In Oakland, a new pot equity program is aimed at encouraging greater participation by African Americans in the city's booming cannabis trade. Jeff Chiu/AP

Oakland is leading the nation in defining what racial equity means by revising its medical cannabis business permit process to favor applicants who’ve been swept up in the war on drugs.

We often forget that an abundance of living-wage and wealth-creating jobs exist in low-income communities. Unfortunately, they happen to be in the drug-selling business.

For many decades, law enforcement has been directed to lock up anyone who tries to make a living in this field, especially if they are black. As criminal justice scholar Michelle Alexander wrote in a 2013 op-ed for The New York Times: “We’ve spent billions of dollars, arrested and caged millions of people, destroyed countless families and futures, and yet marijuana remains as popular and plentiful as ever. Why has this insanity continued for so long?”

Well, because racism. In Oakland, California, efforts are now underway to repair what the war on drugs destroyed through mass incarceration: In May 2016, the city amended its existing local medical marijuana regulation ordinance to provide more opportunities for people of color to open their own dispensaries. Most importantly, under the new equity permit program, people with prior convictions for weed-related crimes would have first dibs on getting a city license.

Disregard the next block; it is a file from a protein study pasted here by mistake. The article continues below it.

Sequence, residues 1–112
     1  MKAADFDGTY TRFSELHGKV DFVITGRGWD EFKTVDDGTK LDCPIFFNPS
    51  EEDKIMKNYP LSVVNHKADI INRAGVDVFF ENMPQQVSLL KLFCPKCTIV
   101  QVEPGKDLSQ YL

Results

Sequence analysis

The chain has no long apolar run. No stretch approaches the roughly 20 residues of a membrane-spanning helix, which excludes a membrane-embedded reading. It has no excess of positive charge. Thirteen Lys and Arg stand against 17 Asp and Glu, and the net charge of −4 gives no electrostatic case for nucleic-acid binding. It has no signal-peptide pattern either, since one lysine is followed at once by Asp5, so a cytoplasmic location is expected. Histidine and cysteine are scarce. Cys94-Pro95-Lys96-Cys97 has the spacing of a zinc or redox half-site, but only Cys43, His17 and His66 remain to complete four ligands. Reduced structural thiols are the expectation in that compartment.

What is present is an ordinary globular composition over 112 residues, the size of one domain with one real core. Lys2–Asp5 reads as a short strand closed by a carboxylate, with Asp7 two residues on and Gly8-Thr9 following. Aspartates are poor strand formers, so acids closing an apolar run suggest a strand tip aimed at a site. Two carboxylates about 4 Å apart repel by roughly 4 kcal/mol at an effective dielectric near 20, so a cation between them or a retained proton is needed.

To flesh out the details for this program, the city commissioned a race and equity analysis report, to ensure that the new marijuana permitting process would benefit the right people. There is nothing more alarming in that report than the arrest data it relies upon for the program’s foundation: In 2015, African Americans made up 30 percent of the population but 77 percent of cannabis arrests, compared to 4 percent for whites.   

(City of Oakland)

And 2015 was no an aberration. Further analysis on arrest data from 1998 to 2015 turned up an even wider disparity—African-Americans comprised 90 percent of arrests; whites were 3.91 percent.